What’s the bottom line?
One thing the studies have taught us is that both calcium and vitamin D are essential in building bone. The question is how much of each. Dr. Willett recommends going lower on calcium and higher on vitamin D than the guidelines suggest 500 to 700 mg a day of calcium and 800 to 1,000 IU of vitamin D.
At that rate, you can probably get all or most of your calcium from food, especially if you have a serving or two of dairy products daily. If you can’t tolerate dairy, you should still be able to get 300 mg a day in your diet and can take a low-dose calcium supplement to make up the rest. By keeping your supplement consumption to 500 mg or less a day, you should avoid the possible risk of heart disease and kidney stones suggested by the studies.
Although vitamin D is added to milk and some other foods, you’ll probably need a supplement to be sure you’re getting enough. A capsule containing 800 to 1,000 IU should do the trick.
Q-1: What’s the real deal on calcium? How much do I need? Are soy, coconut, or almond milk just as good sources of calcium as skim milk?
Calcium’s main role in the body is in the building and maintaining strong bones. Calcium also plays an important role in many processes in your body, such as muscle contractions, blood clotting, and nerve signaling. Several years ago there was a lot of buzz surrounding calcium and weight loss, but in the end, eating more calcium did not turn out to be a key factor in accelerating fat loss.
How much to you need? 1000 mg per day. Women older than 50 need a little more (1200 mg per day).
When most Americans think of calcium, they think of milk and dairy products. Either due to a intolerance to lactose (a sugar in milk), an allergy to casein (a milk protein), or just a dietary choice not to consume dairy products, achieving the daily recommended calcium intake through milk and dairy products isn’t possible for many people. There are other dietary sources of calcium, but how do they stack up? Here’s a table to show you:
Q-2: “How much extra calcium should I be taking?”
It’s a question I get several times a day from women of all ages, but mostly from those in menopause or nearing menopause.
The answer I almost always give is “less than you think.” And for most women, probably none.
It’s not that I don’t think calcium is important.
It is. Adequate calcium and vitamin D are critical for building and maintaining a healthy bone mass.
But most women, with the exception of those who can’t tolerate dairy, are already getting a significant amount of calcium in their diet. So much so that taking calcium supplements adds little to their overall health.
In fact, the U.S. Preventive Services Task Force recently recommended against routine calcium and vitamin D supplements for healthy postmenopausal women.
What harm can a little extra calcium do me?
More than you might think. Too much calcium can lead to:
Constipation (If constipation is a problem for you, try taking calcium with magnesium)
Trouble absorbing iron and zinc
You may also have heard that taking calcium supplements can lead to heart disease. It’s still an open question. Some studies suggest up to a 20% increase in heart disease in men and women who take calcium supplements, but other studies do not find this risk, or find it only in men and not women.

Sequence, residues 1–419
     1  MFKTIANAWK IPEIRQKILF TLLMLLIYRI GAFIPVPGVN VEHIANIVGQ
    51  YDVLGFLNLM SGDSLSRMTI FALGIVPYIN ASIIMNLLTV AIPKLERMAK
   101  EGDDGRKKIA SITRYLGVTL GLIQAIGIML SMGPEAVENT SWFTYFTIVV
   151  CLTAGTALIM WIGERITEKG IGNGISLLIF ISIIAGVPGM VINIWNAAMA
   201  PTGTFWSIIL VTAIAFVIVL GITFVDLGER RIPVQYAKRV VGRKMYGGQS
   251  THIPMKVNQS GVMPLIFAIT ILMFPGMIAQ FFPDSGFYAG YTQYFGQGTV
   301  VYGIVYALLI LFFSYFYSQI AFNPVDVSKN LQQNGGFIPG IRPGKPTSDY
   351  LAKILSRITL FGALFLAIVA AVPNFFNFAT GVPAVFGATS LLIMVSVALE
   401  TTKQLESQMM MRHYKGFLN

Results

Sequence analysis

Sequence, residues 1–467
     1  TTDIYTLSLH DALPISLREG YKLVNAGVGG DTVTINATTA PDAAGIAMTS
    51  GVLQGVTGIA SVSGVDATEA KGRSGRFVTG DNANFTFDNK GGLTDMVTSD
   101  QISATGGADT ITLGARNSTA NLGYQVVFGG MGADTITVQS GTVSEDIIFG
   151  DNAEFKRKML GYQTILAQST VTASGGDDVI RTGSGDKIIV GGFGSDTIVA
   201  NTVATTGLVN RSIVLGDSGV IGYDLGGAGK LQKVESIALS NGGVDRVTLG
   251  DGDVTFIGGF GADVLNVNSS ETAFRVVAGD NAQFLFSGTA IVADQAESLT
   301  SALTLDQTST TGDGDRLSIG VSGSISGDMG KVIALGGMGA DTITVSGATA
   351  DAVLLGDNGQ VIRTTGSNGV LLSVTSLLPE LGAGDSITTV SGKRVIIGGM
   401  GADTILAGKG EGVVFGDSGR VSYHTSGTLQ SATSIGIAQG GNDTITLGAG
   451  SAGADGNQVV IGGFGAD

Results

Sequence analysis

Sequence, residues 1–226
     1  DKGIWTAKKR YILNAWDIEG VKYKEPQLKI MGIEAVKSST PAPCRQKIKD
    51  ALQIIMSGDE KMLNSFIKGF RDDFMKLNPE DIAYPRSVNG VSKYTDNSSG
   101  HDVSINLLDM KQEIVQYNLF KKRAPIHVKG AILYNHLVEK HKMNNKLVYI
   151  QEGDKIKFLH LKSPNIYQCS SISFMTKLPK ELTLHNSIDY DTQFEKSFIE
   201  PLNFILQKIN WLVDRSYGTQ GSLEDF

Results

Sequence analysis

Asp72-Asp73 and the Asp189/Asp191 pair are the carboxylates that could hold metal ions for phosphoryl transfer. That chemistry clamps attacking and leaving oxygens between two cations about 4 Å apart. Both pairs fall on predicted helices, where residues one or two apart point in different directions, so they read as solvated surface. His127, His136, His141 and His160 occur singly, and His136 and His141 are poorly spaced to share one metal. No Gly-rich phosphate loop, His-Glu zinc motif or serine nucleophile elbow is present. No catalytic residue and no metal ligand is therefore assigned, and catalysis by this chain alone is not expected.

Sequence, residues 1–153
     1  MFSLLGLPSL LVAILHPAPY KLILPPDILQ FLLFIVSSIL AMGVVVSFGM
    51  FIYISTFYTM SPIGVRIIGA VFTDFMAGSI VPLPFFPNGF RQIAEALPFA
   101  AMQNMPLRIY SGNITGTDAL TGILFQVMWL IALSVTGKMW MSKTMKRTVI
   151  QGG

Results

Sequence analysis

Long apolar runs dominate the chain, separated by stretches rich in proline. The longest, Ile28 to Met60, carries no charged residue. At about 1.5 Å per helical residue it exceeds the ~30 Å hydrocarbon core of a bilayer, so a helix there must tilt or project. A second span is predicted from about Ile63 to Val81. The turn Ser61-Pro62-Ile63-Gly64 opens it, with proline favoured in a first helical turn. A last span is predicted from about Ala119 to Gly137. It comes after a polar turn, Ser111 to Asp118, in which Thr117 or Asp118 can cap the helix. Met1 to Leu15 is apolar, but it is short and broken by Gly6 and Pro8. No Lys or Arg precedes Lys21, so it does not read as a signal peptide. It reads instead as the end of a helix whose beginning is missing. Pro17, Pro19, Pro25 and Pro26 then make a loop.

Q-3: How much calcium do women really need?
Does it change as we get older? Will it really help build strong bones and prevent fractures? Are supplements helpful? I’ve wrestled for many years with these and other questions related to calcium and vitamin D, the vitamin that aids calcium absorption. And I’ve worried that I wasn’t getting enough of either.
That’s why I was glad to read Harvard Women’s Health Watch report titled,
The answer, according to that report, is: Not as much as we may think and not as much as current U.S. guidelines call for. The minimum daily calcium requirement for women 50 and younger is 1,000 milligrams a day and for women over 50 it’s 1,200 milligrams.
For those of us in midlife, we’d need to drink four 8-ounce glasses of skim milk a day to get the recommended amount. If, like me, you’re not a milk drinker, it becomes really difficult to consume 1,200 milligrams a day, without also taking in a whole lot of calories and saturated fat in dairy products.
Some vegetables and fruits also contain calcium, but who really eats four helpings of collard greens a day? And that’s the vegetable with the MOST calcium. If you want to get all your calcium from oranges, you’ll need to eat 22 oranges a day and that’s just not happening. If you want to try the seafood route, you’ll be eating sardines or salmon for breakfast, lunch and dinner. Again, not happening.
Some foods are fortified with calcium, such as orange juice and cereal, but you still probably need to consume more than you want to get the recommended calcium.Of course, no one tries to get all the calcium we need from one food we get a little here and a little there. But, if you’re like me, you don’t get 1,200 milligrams most days.
Like many women, you may have memorized the minimum daily calcium requirement 1,000 milligrams (mg) a day for women ages 50 and younger and 1,200 mg for women over 50 and followed it faithfully in an effort to preserve your bones. You’ll probably be surprised to learn that many health authorities don’t agree with that recommendation. Dr. Walter Willett, chair of the Department of Nutrition at Harvard T.H. Chan School of Public Health, thinks you’re likely to do just as well on half as much calcium.
“Essentially, I think that adults do not need 1,200 mg of calcium a day. The World Health Organization’s recommendation of 500 mg is probably about right. The United Kingdom sets the goal at 700 mg, which is fine, too.